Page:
– Impression materials are used to make replicas (models or casts) of teeth and other oral
– In dentistry, we take impressions of teeth and their supporting structures. These supporting structures include gingiva, alveolar bone or residual ridge, hard and soft palate, and
frenums, which are muscle attachments.
– The replicas are used to construct restorations and other appliances.
– The impression is a negative reproduction, whereas the replica (model or cast) is a positive reproduction.
– The impression must be an accurate duplication of the hard and soft tissues of interest and be stable enough to allow disinfection and production of a model.
– Not all impression materials are compatible with all model materials.
– Because impression materials are used for many purposes, a wide variety of products are available to make impressions of oral tissues.
– Some uses are simply to produce a physical model of the oral tissues for study, called a study model.
– Study models are used in diagnosis and treatment planning.
– Other uses require very exact (within 0.1%) replication of the size and shape of a preparation for the construction of a restoration or appliance.
– These replicas are called casts.
– Impression materials are supplied in a variety of forms.
– Some are powders that are mixed with water; others are paste–paste systems.
– Several materials are softened or melted by heating.
– Regardless of their form, impression materials are mixed (or heated) to make a thick paste or liquid.
– They are then loaded into an impression tray, placed in the mouth, and seated onto the
tissues of interest.
– The tray functions as a carrier and can stabilize the set impression material.
– It is interesting to note that dental impression materials are also used to make impressions for medical prostheses (such as artificial eyes) and forensic investigations (bite marks).
– Paste–paste impression materials (and many other dental materials) come in tubes, much like toothpaste tubes.
– The orifice of each tube is sized to provide the proper ratio of the two pastes when equal lengths are dispensed.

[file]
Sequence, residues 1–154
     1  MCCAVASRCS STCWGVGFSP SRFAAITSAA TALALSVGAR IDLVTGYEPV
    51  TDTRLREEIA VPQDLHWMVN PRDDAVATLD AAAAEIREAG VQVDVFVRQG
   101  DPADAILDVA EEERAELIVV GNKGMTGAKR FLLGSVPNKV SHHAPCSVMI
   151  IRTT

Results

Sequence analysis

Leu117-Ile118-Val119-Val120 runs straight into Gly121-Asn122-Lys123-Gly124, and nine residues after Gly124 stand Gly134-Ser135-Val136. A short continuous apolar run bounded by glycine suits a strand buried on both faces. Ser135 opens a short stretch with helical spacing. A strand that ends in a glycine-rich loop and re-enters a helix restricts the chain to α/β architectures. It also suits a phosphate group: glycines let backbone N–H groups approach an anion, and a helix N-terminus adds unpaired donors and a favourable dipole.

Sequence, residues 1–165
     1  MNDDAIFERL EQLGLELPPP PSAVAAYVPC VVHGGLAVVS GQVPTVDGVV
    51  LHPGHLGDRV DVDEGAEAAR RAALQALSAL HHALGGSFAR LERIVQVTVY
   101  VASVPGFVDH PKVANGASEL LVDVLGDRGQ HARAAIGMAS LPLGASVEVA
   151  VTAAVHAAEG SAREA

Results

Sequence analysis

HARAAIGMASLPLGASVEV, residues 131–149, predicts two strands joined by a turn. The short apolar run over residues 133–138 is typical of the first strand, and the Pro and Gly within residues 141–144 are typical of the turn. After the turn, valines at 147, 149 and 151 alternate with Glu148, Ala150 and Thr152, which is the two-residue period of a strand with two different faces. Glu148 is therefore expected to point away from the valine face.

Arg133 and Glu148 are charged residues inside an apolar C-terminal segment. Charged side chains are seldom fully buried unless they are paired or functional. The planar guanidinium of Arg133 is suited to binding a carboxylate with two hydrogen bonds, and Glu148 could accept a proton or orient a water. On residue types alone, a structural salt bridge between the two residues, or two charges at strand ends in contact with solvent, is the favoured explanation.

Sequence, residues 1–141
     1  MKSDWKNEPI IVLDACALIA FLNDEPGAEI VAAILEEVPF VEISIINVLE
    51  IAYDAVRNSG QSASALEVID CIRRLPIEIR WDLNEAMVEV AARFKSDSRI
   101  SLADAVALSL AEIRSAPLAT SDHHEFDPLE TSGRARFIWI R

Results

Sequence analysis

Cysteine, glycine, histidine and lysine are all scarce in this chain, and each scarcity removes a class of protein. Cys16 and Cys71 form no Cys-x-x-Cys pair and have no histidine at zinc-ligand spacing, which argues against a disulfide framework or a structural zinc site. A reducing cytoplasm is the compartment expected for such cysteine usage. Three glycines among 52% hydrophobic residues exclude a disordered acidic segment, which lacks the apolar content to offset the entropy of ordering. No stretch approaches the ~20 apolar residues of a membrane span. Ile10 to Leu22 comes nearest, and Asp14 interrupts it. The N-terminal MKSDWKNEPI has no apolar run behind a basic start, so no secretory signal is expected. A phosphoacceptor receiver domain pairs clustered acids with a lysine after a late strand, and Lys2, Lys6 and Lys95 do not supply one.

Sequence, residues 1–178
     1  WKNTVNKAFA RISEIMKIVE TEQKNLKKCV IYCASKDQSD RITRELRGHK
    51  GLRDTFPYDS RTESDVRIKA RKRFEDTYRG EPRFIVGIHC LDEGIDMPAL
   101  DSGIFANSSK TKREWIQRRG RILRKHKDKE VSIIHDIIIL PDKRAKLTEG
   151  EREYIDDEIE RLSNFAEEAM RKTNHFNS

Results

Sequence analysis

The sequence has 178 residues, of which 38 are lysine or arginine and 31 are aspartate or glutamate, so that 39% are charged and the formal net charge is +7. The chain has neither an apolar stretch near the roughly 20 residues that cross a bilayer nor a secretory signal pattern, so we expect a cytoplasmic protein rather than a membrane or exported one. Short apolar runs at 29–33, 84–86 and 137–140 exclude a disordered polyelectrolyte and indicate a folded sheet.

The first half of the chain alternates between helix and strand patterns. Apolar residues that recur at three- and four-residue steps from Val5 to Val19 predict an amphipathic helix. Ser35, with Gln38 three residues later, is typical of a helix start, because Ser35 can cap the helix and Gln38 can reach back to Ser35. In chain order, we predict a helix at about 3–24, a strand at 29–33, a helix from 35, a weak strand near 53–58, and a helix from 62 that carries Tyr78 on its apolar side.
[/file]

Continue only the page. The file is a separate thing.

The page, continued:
– Thus, if the size of the two orifices is the same, one should dispense equal lengths.
– The cost of impression materials varies greatly, from pennies per impression to as much as several dollars.
– An accurate cost analysis needs to include the percentage of first impressions that are
acceptable and the number of restorations that need to be remade.
– Unacceptable restorations made on casts from cheap impression materials can make
dentistry a non profit enterprise.
1. Use of Impression Trays
– Impression trays are used to carry the impression material into the mouth, and the handle of the tray is used to remove the impression.
– The tray can also support a weak material impression and improve accuracy.
– Trays are supplied in a variety of shapes and sizes and are made from several materials.
– Plastic disposable trays are very popular and work well with current infection control
– Plastic trays are inexpensive and convenient, but they do not support the impression as well as metal trays do.
– Metal trays are more expensive but reusable.
– In addition, metal trays are stiffer and, thus, are less likely to distort when removed from the mouth.
– Cleaning and sterilizing metal trays adds to the cost of their use.
2. Stock Trays
– Stock trays are “off-the-shelf” items that come in a variety of materials, shapes, and sizes.
-The different-shaped trays are designed to take impressions of different oral conditions:
edentulous mouths, partially edentulous mouths, and mouths with a full complement of teeth.
– Stock trays also come in a range of sizes, from very small trays for pediatric patients to very large trays for large adult mouths.
– Stock trays can be metal or plastic.
3. Custom Trays
– The most accurate impressions are made with custom trays.
– Custom trays are made on a model of the patient’s arch with acrylic or other resin.
– Two impressions are necessary when a custom tray is used.
– A preliminary impression is taken with a stock tray and an inexpensive material.
– A gypsum product is poured into the impression and the resulting model is used to construct the custom tray.
– The custom tray is then used to take a final impression.
– Custom trays are used to take final impressions for full dentures, inlays, crowns, bridges, and some removable partial dentures.
– Custom trays use less impression material than stock trays because they fit around the teeth better than a stock tray does.
– Some say that custom trays are cost-effective because they use less material.
– Others say that custom trays are cost-effective because they make the impressions easier to take and accurate impressions result more frequently than with stock trays.
– It is important to note that proper mixing and handling of the impression material are the factors most critical for success.
4. Special-Use Trays
– A variety of special-use trays have been developed.
– Bite registration trays record the occlusal surfaces of both arches.
– Bite registrations are used to relate the upper and lower casts in the dental laboratory in
precisely the same manner as they come together in the patient’s mouth.
– Another popular impression tray is the triple tray, which is used with the dual-arch or closed-mouth impression technique.